Now let’s jump to a more joyous topic. I had the honor of attending my sister-in-law’s wedding this last weekend in Ossian, Iowa. I wouldn't expect that you heard of it; this is a stereotypical small town in Iowa surrounded by farms and corn fields as far as you can see. What makes this so special is the family that I had the honor of experiencing while I was there. My now brother-in-law's family was so unbelievably welcoming and joyous about this occasion. I heard stories and got to see reunions between people that hadn't seen each other in years. I got to see a proud father share his son's wedding with an entire community. It was truly amazing. My wife commented several times on how she didn't run into a single person that wasn't super welcoming. That family welcomed everyone near and far into their arms this weekend. It pains me to know that my new brother-in-law has no interest in his family farm or moving back to that little community down in Iowa that cares so much about him. But I also realize that people change but our families never do. Regardless of where his life leads him and his new family, that family down in Iowa could not be prouder of him.
It's interesting how a funeral and a wedding can generate such similar emotions and reflections. But unfortunately it takes a major occasion for us to make the time to get together with our families and share those stories that molded us into the people we are today. Don't wait until it's too late to ask questions or share stories with your family. Those are the things that carry on long after you do. What will your legacy be?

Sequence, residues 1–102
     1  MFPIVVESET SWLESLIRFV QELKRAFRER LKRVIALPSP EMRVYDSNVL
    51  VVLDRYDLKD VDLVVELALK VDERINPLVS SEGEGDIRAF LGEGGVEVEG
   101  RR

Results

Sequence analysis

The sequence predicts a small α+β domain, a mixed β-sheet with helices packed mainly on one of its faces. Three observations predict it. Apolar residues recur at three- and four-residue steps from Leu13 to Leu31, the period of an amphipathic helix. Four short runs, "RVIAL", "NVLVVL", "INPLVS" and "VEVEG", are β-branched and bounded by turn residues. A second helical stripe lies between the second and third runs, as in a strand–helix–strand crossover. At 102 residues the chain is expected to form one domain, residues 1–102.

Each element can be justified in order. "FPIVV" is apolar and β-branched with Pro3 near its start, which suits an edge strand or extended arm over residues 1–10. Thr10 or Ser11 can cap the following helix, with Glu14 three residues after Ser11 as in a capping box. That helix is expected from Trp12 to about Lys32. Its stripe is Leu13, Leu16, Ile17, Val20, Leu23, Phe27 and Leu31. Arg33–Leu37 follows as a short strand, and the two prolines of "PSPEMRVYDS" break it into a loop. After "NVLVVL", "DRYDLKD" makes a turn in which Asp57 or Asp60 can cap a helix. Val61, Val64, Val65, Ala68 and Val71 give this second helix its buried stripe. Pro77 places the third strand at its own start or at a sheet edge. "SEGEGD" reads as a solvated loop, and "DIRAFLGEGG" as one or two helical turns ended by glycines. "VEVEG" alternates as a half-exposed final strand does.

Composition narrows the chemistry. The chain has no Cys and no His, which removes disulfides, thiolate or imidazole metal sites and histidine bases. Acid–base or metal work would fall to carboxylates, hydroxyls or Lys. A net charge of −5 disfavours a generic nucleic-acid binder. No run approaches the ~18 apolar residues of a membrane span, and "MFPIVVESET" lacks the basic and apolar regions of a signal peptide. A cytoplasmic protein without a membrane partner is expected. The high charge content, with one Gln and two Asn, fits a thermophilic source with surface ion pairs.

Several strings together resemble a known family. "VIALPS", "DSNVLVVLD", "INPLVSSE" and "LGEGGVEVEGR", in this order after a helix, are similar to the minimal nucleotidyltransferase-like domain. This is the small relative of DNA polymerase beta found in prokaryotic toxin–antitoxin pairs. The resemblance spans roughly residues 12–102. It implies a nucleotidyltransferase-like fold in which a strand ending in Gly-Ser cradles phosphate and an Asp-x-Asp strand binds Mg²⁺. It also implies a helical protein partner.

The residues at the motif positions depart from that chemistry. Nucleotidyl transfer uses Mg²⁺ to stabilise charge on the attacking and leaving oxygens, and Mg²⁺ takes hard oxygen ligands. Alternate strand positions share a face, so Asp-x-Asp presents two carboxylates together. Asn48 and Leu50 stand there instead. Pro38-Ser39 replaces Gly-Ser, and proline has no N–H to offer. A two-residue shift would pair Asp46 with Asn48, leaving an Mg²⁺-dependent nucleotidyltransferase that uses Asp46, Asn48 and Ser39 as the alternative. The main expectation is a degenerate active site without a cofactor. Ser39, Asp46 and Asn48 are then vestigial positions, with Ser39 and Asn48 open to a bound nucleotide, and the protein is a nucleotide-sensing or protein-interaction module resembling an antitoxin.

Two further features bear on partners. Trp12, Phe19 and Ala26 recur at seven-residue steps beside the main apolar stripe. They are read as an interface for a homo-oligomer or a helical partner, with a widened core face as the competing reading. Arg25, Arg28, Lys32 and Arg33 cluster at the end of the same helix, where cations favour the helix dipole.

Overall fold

Thursday, September 10, 2015
Sunday, August 23, 2015
This competition is designed for players to demonstrate the most basic of soccer skills – the penalty kick. Each player will be take 15 shots at the goal from the penalty line that is 12 yards back. The goal is divided into 5 scoring zones with ropes as you can see in the image below. The upper corners are worth 20 points, the lower corners are worth 10 points, and the center is worth 5 points. The participant in each age category with the highest point total will be declared the winner.
For more information, check out our flyer. If you are a brother Knight able to volunteer for this event, please sign up online.
Monday, July 27, 2015
Lead article from the August 2015 bulletin, online now.